rune symbols

pinkdolphin12  asked:

I see a lot of heathens (and non heathens) wearing Thor's hammer around their neck. Does that represent anything in particular? Or is it more similar to a cross or star of David where it's kinda more a general symbol of the faith?

Chiefly, it’s a symbol of protection. Thor is the god who protects Midgard (Earth) and humanity, so wearing his weapon pays a kind of homage to that. It’s also a relatively well-known symbol of the religion as a whole–it’s a recognized emblem of belief by the US military, for example–so it is used by a lot of people to identify themselves as Heathen, as one might wear a cross. Up to this point at least, it has not been commonly appropriated by white supremacists in the way that some runes and other symbols (such as the valknut and sun wheel) have, so it’s a fairly safe identifier.

I can’t really speak to its use by non-Heathens, but I imagine that it’s often a case of people seeing the pendant and being told it’s a symbol of protection, then wearing it without knowledge of the religious context. There are other reasons a non-Heathen might wear one as well, such as an enthusiasm for Viking history, but I imagine that’s the most common explanation.

Thanks for asking, and let me know if you want to know more!

2

Bind Runes.

A Bind Rune (Icelandic: bandrún) is created by combining two or more ancient Viking Runes into a single symbol. What this combination is believed to do is create a more powerful Rune, than the individual Runes used to make it. How the Bind Rune is created is very important. Bind Runes should be kept as simple as possible so that each Rune is clearly distinguishable. Using more than five is usually not advisable. When a bind rune is too complex it will be less powerful than a simpler symbol. Bind Runes were rare in Viking days; there are not many examples of the ancient Norse writing them. They became more common among the Scandinavian people later in the Middle Ages.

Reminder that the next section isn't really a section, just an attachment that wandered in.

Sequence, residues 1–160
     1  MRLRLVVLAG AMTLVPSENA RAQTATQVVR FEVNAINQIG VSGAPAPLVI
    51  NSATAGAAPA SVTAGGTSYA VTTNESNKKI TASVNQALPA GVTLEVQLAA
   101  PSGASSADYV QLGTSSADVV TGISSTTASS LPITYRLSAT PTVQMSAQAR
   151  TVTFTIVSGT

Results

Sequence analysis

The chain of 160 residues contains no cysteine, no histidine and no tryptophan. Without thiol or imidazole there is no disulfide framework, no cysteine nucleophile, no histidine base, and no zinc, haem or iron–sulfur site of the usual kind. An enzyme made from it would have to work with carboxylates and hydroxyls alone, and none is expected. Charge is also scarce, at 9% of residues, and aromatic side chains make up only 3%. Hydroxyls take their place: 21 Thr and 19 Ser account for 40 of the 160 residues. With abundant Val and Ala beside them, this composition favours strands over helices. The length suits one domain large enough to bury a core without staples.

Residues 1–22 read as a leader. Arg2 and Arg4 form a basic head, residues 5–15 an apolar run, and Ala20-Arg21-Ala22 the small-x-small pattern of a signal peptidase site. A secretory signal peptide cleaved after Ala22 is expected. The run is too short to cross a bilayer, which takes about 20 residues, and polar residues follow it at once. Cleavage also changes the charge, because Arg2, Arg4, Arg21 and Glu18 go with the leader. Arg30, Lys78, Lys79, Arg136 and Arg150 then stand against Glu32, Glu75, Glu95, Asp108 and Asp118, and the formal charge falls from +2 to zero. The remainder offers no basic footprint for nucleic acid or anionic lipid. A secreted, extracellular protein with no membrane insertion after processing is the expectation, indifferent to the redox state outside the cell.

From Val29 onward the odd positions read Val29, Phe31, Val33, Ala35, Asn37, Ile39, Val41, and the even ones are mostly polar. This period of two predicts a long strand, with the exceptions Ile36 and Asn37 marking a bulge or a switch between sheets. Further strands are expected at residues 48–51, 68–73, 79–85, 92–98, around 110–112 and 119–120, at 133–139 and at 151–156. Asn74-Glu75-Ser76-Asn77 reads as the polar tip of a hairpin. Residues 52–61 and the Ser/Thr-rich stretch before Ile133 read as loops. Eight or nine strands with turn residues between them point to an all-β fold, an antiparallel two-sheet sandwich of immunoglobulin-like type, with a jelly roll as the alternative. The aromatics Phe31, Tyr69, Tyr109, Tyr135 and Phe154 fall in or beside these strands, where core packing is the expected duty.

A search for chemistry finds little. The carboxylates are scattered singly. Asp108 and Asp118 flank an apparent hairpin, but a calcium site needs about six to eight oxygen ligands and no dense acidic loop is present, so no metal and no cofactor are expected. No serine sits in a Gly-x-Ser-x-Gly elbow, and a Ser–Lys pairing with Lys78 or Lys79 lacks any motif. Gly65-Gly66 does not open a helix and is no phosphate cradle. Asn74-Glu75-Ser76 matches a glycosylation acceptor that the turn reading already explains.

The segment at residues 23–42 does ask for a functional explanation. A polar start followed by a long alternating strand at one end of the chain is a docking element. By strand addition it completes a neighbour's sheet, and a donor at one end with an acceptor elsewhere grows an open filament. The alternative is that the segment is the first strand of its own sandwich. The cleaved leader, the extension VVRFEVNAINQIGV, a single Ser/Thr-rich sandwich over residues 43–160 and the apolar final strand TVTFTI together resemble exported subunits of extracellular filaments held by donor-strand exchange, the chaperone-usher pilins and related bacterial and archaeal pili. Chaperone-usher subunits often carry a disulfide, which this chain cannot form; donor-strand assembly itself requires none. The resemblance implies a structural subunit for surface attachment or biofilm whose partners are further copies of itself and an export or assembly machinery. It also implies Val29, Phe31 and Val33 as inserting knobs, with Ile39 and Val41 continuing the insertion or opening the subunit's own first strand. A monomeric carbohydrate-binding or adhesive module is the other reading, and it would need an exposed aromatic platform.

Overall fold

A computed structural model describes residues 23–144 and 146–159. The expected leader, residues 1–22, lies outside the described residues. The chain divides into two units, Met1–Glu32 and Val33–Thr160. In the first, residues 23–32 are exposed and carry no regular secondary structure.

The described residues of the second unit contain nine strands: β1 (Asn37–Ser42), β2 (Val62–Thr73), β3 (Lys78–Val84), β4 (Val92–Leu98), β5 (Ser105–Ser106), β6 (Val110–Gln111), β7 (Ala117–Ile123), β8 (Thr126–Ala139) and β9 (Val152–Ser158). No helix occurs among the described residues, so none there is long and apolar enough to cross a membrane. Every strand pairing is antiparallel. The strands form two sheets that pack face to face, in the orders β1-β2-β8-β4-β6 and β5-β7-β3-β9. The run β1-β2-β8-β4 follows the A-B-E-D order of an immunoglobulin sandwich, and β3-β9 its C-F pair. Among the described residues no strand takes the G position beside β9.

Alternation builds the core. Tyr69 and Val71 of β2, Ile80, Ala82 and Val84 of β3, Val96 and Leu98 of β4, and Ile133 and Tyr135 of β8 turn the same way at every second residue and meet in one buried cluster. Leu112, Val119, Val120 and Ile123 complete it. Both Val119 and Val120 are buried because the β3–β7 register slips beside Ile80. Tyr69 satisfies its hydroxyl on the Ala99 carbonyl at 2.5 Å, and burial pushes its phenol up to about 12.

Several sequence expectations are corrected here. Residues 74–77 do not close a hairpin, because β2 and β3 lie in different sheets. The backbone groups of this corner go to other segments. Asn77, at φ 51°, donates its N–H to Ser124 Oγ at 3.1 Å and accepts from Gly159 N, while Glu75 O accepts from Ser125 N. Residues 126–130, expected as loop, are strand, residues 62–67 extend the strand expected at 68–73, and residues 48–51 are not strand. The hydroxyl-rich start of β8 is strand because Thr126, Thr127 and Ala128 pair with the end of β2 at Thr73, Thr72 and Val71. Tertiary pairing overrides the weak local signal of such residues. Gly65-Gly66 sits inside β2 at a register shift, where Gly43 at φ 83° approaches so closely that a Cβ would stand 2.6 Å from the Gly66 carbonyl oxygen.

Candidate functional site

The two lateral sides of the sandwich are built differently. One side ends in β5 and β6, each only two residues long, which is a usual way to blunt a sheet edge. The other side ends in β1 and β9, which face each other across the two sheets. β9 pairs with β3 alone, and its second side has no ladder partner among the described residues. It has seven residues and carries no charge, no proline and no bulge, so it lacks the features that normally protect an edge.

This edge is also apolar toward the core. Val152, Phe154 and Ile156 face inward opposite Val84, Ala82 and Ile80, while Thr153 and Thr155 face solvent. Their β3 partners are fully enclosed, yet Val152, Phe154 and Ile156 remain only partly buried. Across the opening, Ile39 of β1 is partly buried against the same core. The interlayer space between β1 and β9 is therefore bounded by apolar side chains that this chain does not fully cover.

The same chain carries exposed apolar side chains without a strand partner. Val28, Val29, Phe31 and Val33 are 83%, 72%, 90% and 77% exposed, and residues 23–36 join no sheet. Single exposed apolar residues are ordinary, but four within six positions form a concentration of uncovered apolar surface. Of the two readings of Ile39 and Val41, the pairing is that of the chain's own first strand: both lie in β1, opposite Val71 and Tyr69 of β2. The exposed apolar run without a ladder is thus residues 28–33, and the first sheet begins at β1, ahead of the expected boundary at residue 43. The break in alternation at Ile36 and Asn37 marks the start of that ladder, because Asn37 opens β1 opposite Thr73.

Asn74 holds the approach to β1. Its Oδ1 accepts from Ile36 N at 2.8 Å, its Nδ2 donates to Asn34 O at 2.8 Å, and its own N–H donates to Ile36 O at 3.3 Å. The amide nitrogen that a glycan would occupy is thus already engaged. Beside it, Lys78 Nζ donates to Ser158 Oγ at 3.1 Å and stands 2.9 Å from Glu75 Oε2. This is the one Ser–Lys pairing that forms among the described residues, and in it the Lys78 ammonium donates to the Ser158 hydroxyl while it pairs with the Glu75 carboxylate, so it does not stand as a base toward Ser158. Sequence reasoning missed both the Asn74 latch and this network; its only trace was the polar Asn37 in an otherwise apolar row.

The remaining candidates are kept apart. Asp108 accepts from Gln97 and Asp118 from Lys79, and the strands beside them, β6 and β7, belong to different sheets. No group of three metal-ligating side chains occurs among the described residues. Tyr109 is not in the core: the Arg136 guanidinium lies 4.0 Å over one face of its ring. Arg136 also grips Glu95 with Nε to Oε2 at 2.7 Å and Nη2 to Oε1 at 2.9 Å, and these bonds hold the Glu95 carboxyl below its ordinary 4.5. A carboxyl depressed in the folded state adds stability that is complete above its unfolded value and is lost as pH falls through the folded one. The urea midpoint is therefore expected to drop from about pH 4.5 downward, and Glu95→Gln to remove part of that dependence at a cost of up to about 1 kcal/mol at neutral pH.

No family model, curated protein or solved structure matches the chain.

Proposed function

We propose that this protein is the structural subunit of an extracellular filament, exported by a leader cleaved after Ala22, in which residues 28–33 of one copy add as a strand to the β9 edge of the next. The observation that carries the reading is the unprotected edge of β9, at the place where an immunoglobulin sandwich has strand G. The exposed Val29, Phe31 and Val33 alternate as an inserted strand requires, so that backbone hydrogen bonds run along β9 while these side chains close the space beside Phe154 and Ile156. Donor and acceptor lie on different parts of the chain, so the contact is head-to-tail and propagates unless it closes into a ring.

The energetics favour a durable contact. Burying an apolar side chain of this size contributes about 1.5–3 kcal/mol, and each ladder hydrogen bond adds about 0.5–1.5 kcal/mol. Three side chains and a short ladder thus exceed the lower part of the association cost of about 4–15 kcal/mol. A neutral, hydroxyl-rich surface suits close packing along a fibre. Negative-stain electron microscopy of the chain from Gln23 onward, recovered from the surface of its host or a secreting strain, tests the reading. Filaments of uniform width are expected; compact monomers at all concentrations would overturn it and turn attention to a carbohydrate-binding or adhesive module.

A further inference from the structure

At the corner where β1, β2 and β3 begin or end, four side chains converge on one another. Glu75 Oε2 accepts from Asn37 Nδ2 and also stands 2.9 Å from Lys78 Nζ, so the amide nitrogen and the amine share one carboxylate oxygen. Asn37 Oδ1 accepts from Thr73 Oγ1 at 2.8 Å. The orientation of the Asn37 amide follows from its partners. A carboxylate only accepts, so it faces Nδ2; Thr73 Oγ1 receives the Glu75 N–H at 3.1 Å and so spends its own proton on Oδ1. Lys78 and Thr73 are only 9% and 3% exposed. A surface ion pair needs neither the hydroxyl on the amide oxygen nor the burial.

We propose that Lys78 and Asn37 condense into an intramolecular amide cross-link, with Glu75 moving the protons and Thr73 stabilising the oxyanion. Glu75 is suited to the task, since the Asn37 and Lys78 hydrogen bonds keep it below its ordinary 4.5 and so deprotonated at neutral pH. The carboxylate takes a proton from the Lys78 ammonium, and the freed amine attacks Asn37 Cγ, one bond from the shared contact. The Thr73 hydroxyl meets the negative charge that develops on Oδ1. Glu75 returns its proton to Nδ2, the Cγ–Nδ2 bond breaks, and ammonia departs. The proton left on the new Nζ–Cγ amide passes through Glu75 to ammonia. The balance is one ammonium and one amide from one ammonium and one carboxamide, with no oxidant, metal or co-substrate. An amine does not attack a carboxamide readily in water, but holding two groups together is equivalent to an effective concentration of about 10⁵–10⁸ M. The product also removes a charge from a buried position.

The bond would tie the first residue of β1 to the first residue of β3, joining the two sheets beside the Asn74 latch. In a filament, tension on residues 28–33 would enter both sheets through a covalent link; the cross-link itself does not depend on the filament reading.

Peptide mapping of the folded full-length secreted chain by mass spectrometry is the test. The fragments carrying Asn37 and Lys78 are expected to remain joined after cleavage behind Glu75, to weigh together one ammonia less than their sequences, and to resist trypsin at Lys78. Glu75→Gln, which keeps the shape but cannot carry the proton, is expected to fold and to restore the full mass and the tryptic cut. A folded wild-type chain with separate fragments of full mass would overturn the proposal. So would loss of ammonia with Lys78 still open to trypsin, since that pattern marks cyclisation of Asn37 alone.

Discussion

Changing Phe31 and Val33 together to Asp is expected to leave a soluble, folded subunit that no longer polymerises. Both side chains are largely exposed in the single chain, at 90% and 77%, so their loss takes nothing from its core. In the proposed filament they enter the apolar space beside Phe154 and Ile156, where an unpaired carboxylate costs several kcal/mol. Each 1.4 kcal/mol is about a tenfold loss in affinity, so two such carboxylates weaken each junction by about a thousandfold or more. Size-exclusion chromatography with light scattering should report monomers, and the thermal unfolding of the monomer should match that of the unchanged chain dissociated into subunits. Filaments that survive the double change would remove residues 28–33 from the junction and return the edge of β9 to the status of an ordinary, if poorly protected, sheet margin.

Icelandic magical staves (sigils) are symbols credited with magical effect preserved in various grimoires dating from the 17th century and later. According to the Museum of Icelandic Sorcery and Witchcraft, the effects credited to most of the staves were very relevant to the average Icelanders of the time, who were mostly substitence farmers and had to deal with harsh climatic conditions.

Pagans and witches against Nazis

As nationalist parties are on the rise in many Western countries, it is important that we as pagans and witches are cautious. Nazis have appropriated pagan religions (Norse and Germanic paganism in particular) in the past, for example by using runes as their symbols.

Let’s show them that Nazis, fascists, the “alt-right”, racism, anti-Semitism and islamophobia are not welcome in our spaces. If you see a blog posting Nazi ideology, unfollow, block and report it.

Make the pagan and witchcraft community a place where all people feel safe and welcome.

Ægishjálmur  - The Helm of Awe.

Ægishjálmur (pronounced aye-yiss-hchyawl-mer) etymologically means the Helm of Ægir. Ægir is an Old Norse word meaning terror. It is also the name of a destructive giant associated with the sea. It is now usually defined as Helm of Awe and reference to it occurs often in the Poetic Edda, a part of the Icelandic medieval Codex Regius (Royal Manuscript).